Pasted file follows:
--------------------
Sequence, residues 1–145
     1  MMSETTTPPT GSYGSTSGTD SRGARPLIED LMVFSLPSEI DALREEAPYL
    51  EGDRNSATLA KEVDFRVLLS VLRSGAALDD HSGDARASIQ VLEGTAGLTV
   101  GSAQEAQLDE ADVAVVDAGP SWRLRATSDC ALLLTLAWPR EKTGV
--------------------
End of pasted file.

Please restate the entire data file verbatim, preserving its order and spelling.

Sequence, residues 1–145
     1  MMSETTTPPT GSYGSTSGTD SRGARPLIED LMVFSLPSEI DALREEAPYL
    51  EGDRNSATLA KEVDFRVLLS VLRSGAALDD HSGDARASIQ VLEGTAGLTV
   101  GSAQEAQLDE ADVAVVDAGP SWRLRATSDC ALLLTLAWPR EKTGV